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Full text of "1964-65 New York World's Fair Groundbreaking and Dedication Booklets"

Dedication Ceremonies at\he New York World's Fair 1964-1965 

V I L I O N O F lhjt ' 




omsiana 



BER 10, 1963 



•51 



a 



• rnlim jc '--M^ m cxukAwium 




mm 





COVER: 



the 
pavilion 

T of. . 
Louisiana 




will maintain the 
atmosphere of the French Quarter of New 
Orleans. The exhibits will depict various 
areas in which Louisiana is famous, includ- 
ing agriculture, industry, petro-chemical 
complexes, opera and Mardi Gras festivi- 
ties. Saputo & Rowe, Albert C. Ledner, Fur- 
man & Furman and Rader and Associates 
are the architects and engineers. 



Excerpts from transcrip- 
tion of remarks made by 
officials of Louisiana and 
the Fair at the dedication 
of the Louisiana Pavilion 
at the New York World's 
Fair, October 10, 1963. 









DR, ROBERTO de MENDOZA [Deputy Chief of 
Protocol]: Secretary Martin, Mayor Schiro, General Pot- 
ter, distinguished guests and ladies and gentlemen. The 
Pavilion of Louisiana which we are dedicating today will 
house exhibits depicting the culture, history, achievements 
and aspirations of the state, and will create the atmosphere 
of charm and the many attractions of that great and lovely 
state. 

Our first speaker today is General William E. Potter, 
executive vice president of the New York Worlds Fair. 

GENERAL WILLIAM E. POTTER: Secretary Martin, 
Jim Reify, Mayor Schiro, friends. This country was discov-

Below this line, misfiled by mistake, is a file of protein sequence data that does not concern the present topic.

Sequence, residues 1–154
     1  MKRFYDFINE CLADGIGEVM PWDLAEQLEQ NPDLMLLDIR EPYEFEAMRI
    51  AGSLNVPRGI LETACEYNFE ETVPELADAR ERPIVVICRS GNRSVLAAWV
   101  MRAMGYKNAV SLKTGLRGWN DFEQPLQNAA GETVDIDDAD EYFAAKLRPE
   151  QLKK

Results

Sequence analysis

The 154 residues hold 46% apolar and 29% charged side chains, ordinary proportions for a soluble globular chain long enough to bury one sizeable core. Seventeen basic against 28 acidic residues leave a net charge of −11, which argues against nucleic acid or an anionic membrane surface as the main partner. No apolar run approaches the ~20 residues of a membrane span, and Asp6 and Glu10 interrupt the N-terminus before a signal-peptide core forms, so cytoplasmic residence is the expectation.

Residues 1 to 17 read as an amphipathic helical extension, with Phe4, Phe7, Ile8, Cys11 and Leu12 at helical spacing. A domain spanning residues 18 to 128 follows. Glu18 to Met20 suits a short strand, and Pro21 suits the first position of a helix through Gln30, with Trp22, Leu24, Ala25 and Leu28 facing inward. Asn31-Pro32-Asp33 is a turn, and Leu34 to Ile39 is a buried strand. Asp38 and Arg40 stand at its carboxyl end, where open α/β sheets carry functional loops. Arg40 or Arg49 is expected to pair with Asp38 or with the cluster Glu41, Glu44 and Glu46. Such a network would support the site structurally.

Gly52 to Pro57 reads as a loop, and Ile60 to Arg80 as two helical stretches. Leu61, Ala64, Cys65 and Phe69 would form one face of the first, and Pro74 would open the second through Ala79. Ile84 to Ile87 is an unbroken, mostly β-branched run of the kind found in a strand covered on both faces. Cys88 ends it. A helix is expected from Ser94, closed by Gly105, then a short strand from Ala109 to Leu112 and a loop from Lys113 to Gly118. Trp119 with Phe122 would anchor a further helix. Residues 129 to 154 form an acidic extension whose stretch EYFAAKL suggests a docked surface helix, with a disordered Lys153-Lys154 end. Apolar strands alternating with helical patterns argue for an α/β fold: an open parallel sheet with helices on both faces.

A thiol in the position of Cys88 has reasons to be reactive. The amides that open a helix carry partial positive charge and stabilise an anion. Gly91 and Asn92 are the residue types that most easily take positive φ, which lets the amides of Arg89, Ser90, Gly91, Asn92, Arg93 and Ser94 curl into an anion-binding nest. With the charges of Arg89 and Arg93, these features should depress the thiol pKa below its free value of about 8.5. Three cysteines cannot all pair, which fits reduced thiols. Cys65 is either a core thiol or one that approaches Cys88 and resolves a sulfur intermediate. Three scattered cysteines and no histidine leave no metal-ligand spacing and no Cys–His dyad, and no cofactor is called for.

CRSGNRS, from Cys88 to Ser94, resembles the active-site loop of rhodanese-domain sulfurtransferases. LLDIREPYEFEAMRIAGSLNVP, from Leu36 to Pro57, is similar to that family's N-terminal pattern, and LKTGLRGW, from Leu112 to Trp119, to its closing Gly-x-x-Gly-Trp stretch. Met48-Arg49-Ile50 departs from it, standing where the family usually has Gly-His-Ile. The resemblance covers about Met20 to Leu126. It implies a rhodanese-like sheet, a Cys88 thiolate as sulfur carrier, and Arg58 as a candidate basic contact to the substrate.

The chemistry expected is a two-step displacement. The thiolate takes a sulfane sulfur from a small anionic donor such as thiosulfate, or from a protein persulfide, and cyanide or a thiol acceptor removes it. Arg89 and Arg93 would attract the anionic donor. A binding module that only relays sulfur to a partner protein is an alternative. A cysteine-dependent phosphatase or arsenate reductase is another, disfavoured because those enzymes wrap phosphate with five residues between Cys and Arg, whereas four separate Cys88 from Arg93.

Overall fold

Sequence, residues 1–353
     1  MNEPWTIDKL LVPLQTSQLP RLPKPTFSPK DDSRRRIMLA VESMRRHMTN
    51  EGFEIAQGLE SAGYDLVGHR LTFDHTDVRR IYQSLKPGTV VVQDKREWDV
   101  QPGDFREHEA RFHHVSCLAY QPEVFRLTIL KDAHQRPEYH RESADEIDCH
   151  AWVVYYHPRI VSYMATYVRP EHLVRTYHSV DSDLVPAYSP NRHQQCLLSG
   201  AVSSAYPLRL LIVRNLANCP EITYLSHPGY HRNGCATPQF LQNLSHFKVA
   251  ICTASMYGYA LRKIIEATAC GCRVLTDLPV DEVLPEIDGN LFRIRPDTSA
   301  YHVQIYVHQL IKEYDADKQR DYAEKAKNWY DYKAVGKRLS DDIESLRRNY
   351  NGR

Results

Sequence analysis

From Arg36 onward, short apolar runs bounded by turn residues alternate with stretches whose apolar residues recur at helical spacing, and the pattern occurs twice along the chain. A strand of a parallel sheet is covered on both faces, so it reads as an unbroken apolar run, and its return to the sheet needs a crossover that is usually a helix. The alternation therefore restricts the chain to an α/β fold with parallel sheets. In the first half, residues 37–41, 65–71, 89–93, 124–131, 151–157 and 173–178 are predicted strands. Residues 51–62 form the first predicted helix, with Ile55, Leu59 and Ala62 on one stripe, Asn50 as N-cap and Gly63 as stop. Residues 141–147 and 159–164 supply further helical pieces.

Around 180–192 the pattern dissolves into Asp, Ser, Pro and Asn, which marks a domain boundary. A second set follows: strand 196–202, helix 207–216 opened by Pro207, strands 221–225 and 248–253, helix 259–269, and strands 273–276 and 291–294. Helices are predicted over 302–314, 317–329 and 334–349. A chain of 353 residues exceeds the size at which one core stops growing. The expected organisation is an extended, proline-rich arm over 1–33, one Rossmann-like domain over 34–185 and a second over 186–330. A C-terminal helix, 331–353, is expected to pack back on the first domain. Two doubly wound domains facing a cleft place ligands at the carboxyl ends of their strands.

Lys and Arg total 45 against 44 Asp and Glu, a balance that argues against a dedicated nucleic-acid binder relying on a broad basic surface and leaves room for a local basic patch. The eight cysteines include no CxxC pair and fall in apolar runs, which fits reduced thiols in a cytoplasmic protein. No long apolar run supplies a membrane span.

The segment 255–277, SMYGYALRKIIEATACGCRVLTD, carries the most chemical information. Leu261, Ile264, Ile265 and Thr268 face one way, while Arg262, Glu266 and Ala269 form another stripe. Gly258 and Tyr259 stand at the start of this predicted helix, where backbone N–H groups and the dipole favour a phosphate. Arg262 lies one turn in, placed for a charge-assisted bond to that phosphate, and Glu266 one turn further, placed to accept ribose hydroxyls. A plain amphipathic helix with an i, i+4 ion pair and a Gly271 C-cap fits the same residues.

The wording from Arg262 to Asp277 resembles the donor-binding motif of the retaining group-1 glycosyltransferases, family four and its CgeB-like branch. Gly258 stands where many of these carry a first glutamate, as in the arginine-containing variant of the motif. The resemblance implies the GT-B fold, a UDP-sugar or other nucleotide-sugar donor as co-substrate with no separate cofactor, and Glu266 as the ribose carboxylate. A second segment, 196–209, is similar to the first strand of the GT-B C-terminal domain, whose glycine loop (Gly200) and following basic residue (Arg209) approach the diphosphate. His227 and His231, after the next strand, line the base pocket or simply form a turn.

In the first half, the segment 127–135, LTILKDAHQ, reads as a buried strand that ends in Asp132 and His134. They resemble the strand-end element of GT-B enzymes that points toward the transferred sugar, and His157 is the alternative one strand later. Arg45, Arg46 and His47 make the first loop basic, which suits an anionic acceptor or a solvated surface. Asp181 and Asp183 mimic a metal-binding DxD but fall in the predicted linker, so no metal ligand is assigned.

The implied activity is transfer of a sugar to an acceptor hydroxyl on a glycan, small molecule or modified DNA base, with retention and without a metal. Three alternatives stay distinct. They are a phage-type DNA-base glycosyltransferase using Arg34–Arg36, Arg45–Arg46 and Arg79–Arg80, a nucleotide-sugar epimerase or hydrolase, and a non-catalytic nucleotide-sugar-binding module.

d through two great rivers: the St. Lawrence and the 
discovery from the north, and New Orleans and the Mis- 
sissippi and the discovery from the south. I think for a 
hundred years the center of this country existed because of 
New Orleans and Louisiana and the Mississippi River. 
With the exception of Texas, no part of the country has 
been under more flags than has Louisiana. Many different 
cultures, many different nationalities exist in your state. 
And I think the history of New York City, and every 
other place where there are melting pots ? has shown that 
those places go forward faster, do better thi; have 
greater futures. 



I want to compliment the Governor, his staff, the back- 
ing that this staff got from New Orleans, the discovery of 
Mr. Lupo and the imagination that he has put into the 
exhibit, 

I would at this time like to present official medallions 
of the Fair. First, to Secretary Wade O, Martin, Jr., and 

Secretary Martin would accept one also, for the Honor- 
able Jimmie Davis, Next, the Honorable Victor H. Schiro, 
Mayor of New Orleans ; Jim ReiJy ; Mr. Lupo ; Mr. George 
H and Mr. William Eden. 

I will now call on Secretary Martin to speak for the 
Govern i 

HON. WADE O. MARTIN, JR. [Secretary of the 
State of Louisiana]: Thank you very much. Mr. Moses, 
General Potter, Ambassador Patterson, Mayor Schiro and 
other distinguished guests and friends. I'd like to say that 
lm very honored to be here today and to represent Gov- 
ernor Davis. I am sorry, as you are, that Governor Davis 
could not join u 

All of us in Louisiana have watched the progress of the 
Louisiana exhibit at the Fair, and all of us are gratified. 
At long last, the hard work and the vision of those charged 
with the responsibility for this exhibit has been rewarded 
by these ceremonies today. 

This project stag my imagination, as I'm sure it 

must yours. During all the time I've served as Secretary